AHA Rejects Proposed Readmission Penalties

The American Hospital Association (“AHA”) expressed staunch opposition in a 62-page letter to the Centers for Medicare & Medicaid Services (“CMS”) regarding CMS’s proposed rules levying a penalty up to 1% of reimbursement for higher readmission rates. Part of the reasoning behind the AHA’s opposition is the fact that the proposed rule does not exclude all planned and unrelated readmissions from being counted against the hospitals affected by the penalty rule.

 Additionally, the formula can be analyzed as being discriminatory against hospitals with higher percentage of non-white patients, and a higher percentage of “dual eligibles” that are covered by both Medicaid and Medicare.

Also, the AHA states that the rule places hospitals that receive disproportionate share funding or DSH payments at a disadvantage because these facilities have more underinsured and uninsured patients. The AHA states that these are readmissions among such patient populations that are “beyond the hospitals’ control.” Another AHA concern is a 1.9% negative payment adjustment to account for case-mix coding between 2007 to 2009, which CMS indicates made it appear that certain patients were more expensive to care for than they actually were. 

On the proposed rule’s language on readmissions, the AHA has urged CMS to make calculation changes to (1) properly adjust for patient characteristics (dual-eligible status and race/ethnicity); (2) differentiate between planned and unplanned readmissions; (3) differentiate between related and unrelated readmissions; and (4) exclude extreme circumstances (transplant, end-stage renal disease, burn, trauma, psychosis and substance abuse.)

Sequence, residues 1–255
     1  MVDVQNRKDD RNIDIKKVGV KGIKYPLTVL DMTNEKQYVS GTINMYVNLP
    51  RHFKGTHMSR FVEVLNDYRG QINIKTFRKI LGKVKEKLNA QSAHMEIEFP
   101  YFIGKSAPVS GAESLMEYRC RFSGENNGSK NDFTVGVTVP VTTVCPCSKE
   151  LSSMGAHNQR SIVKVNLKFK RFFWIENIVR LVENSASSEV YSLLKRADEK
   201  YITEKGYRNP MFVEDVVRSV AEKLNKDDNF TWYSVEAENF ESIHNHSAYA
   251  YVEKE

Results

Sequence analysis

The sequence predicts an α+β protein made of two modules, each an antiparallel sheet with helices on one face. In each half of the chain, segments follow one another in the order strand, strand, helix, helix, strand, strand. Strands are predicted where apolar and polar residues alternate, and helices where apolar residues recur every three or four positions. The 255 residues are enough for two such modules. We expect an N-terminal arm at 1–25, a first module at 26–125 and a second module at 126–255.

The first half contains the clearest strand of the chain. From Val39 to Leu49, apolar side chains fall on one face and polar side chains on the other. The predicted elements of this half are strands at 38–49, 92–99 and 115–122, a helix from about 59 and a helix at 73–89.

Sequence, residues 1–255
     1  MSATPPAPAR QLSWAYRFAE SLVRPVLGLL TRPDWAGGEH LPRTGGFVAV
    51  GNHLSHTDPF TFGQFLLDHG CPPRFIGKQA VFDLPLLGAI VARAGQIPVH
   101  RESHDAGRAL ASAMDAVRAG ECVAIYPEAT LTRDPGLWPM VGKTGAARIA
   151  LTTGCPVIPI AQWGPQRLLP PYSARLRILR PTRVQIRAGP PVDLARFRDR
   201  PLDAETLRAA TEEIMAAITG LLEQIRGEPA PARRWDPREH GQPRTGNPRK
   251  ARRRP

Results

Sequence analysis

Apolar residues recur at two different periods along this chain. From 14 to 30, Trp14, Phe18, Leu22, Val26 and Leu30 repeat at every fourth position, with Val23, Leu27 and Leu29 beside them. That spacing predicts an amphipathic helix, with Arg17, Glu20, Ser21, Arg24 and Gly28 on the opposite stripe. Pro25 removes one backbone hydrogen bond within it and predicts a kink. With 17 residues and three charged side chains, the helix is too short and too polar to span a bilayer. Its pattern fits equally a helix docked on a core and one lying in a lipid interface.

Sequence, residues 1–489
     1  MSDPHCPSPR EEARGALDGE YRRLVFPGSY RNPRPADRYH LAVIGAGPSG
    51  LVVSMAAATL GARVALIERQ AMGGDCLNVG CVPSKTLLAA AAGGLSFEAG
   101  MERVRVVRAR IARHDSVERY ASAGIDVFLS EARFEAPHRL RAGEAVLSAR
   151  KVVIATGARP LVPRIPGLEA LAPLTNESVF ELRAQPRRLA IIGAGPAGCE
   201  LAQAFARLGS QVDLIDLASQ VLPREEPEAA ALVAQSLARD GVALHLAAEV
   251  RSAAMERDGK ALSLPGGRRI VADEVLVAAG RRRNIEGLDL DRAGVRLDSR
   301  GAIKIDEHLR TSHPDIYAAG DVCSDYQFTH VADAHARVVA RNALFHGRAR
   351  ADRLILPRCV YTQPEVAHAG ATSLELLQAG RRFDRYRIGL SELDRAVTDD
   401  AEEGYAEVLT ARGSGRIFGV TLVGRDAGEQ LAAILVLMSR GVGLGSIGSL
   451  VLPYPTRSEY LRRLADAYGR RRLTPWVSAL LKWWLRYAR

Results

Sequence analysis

Section 3025 of the Patient Protection and Affordable Care Act specifically calls for negative payment adjustments for higher rates of readmissions take into consideration “exclusions for readmissions that are unrelated to the prior discharge (such as a planned readmission or transfer to another applicable hospital).”

The AHA further states that the measures that gauge whether a hospital has high rates of readmissions are unreliable for a majority of hospitals.  The AHA also wants CMS to allow hospitals to designate during the discharge process which admissions would include a planned readmission.

The AHA’s discussion of dual-eligibles in the letter includes two charts showing large differences in readmission rates between hospitals that serve more dually-eligible patients compared with non-dually eligible patients, with the hospitals with more dual eligibles having higher readmission rates. The charts also show the difference between hospitals stratified by white versus non-white beneficiaries for each of three disease categories covered under the readmission penalty: heart attack, pneumonia and heart failure.